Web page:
Entice your Baby forward, helping him as he inches over the pillow. Keep your other hand close to his shoulders to prevent him from falling face down on the floor. Talk to him as he works toward you over the pillow. Let him place his hands on the floor, and encourage him to walk his hands forward, pulling his body over and across the pillow top.

“The Bear Went Over the Mountain” is a great song to sing as Baby develops strength and confidence.

Brain building skills: Enhances upper body strength and coordination, promotes an interest and the ability to accept and master challenges

My Bonnie*

My Bonnie lies over the ocean,
My Bonnie lies over the sea,
My Bonnie lies over the ocean,
Oh, bring back my Bonnie to me, to me.
Bring back, bring back,
Bring back my Bonnie to me.

*The actual word is Bonnet, but I prefer to use Bonnie.

This exercise requires two people. Lay Baby on his back and in the center of his baby blanket. One person holds the outer edges of one side of the blanket, and the other person holds the other side. Slightly lift the edges up and one person lifts their side high while the other person lowers their side. This creates a seesaw type of effect, and after Baby is used to the slow rocking motion, you actually lift one side, rolling Baby onto his stomach. Repeat the exercise, and roll him onto his back. Make sure to do this slowly and gently.

Brain building skills: Builds head and neck control, strengthens core muscles, enhances coordination and encourages Baby to roll over from front to back and back to front.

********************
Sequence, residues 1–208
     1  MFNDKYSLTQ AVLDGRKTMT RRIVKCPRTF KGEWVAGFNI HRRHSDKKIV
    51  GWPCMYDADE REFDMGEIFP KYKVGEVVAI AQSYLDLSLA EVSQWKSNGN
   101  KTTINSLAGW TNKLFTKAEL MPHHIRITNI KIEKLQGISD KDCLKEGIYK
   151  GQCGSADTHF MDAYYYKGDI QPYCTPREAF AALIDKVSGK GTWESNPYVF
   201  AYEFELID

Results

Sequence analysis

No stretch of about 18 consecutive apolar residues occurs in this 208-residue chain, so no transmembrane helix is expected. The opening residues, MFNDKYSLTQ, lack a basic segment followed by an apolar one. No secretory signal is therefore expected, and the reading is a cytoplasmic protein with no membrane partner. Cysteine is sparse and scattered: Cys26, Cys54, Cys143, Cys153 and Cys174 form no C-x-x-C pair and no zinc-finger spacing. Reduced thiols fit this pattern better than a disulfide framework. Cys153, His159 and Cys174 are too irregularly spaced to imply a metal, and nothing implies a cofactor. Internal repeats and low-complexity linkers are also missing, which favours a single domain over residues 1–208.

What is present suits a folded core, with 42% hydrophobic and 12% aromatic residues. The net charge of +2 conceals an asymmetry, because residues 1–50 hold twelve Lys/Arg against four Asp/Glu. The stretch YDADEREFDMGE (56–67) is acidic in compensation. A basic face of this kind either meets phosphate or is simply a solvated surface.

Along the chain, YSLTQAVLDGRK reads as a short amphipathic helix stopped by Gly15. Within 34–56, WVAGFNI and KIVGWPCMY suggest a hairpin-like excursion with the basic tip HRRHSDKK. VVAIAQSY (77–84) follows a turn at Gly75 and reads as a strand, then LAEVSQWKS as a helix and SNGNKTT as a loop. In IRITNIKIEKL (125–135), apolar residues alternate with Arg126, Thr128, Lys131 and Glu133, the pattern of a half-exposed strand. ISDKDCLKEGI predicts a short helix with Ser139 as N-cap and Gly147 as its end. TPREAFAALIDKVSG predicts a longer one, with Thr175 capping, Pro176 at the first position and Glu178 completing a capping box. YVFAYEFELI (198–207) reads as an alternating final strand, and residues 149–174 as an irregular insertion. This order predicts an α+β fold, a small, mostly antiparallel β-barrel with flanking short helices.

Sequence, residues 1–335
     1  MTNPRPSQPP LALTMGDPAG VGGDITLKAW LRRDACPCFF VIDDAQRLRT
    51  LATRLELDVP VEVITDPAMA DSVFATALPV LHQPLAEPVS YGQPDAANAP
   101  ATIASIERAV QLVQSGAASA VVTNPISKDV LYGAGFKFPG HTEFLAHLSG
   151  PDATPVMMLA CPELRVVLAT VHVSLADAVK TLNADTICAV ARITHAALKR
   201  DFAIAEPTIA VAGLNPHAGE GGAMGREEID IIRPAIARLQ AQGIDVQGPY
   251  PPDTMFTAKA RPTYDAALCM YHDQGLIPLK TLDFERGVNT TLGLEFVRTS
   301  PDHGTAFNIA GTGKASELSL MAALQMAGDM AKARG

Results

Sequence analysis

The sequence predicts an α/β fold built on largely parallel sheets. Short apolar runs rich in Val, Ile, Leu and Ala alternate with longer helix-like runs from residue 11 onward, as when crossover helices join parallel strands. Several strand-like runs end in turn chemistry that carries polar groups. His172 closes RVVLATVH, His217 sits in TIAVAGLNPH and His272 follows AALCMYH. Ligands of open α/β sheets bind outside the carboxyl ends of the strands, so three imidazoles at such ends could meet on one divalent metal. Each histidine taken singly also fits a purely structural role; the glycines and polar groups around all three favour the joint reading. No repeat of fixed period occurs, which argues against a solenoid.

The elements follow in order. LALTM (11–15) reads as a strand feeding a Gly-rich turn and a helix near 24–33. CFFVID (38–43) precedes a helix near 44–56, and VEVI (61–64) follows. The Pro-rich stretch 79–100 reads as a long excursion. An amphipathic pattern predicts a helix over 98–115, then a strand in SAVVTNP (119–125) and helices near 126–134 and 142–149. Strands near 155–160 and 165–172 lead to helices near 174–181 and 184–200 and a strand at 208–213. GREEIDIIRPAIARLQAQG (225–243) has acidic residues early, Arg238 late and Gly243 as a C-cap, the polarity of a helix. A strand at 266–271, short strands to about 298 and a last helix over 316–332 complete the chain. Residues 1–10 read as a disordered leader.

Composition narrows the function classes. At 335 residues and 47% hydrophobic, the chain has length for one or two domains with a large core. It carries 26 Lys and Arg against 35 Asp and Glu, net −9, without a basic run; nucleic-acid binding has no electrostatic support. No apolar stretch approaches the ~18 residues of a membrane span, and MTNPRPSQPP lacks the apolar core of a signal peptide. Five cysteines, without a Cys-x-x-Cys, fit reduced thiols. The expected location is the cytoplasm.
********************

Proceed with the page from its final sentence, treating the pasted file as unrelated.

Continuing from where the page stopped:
Muscles exercised: Neck, upper body, upper and lower back, and core muscles.

Baby Push (Sung to the tune of London Bridge Is Falling Down)

Take your feet and push, push, push,
Push, push, push,
Push, push, push.
Take your feet and push, push, push,
Push your little baby.
Repeat several times.

Lay Baby on his stomach. Kneel down behind him and put your hands on the soles of his feet. As soon as he feels your hands, he will try to bring himself forward by pushing his feet against your hands. Sometimes he may need a gentle push from you. While lightly pushing his feet, sing “Push the Baby.”

Brain building skills: Builds both small and large motor skills at the same time, head and neck control, and upper and lower back. This is a preparation exercise for crawling.
Muscles exercised: Neck, upper body, upper and lower back, arms and legs, and core muscles.

Whoop Johnnie

Whoop Johnnie, whoop Johnnie, whoop Johnnie, whoop.
Repeat on other hand.

Say the rhyme as you slide your index finger down the inside of Baby’s thumb and up his index finger, down the index finger and up his middle finger, and so on until you reach his pinky finger. Tap the tip of his pinky finger with your index finger on the last “whoop.”

Brain building skills: Language development, tactile stimulation, anticipation and excitement.
Muscles exercised: Neck, upper body, upper and lower back, arms and legs, and core muscles.

Dance Your Blanket (Sung to the tune of The Farmer in the Dell)

Dance your blanket up
(Hold the blanket high up in the air between you and Baby.)
And dance your blanket down.
(Bring the blanket down.)
Dance your blanket from side to side,
(Move the blanket from side to side in front of Baby.)
And dance it all around.
(Make a circular motion in the air with the blanket.)
Now dance it on your head,
(Gently touch Baby’s head with the blanket.)
And dance it on your shoulders,
(Gently touch Baby’s shoulders with the blanket.)
Dance on your tummy,
(Tickle Baby’s tummy with your hand inside the blanket.)
And put the Baby to bed.
Peek-a-boo!
(Cover Baby’s face with the blanket and then remove.)

This exercise can be done with Baby sitting in front of you so that he faces you or lying on his back.

Brain building skills: Body awareness, tactile stimulation, anticipation, excitement and object permanence.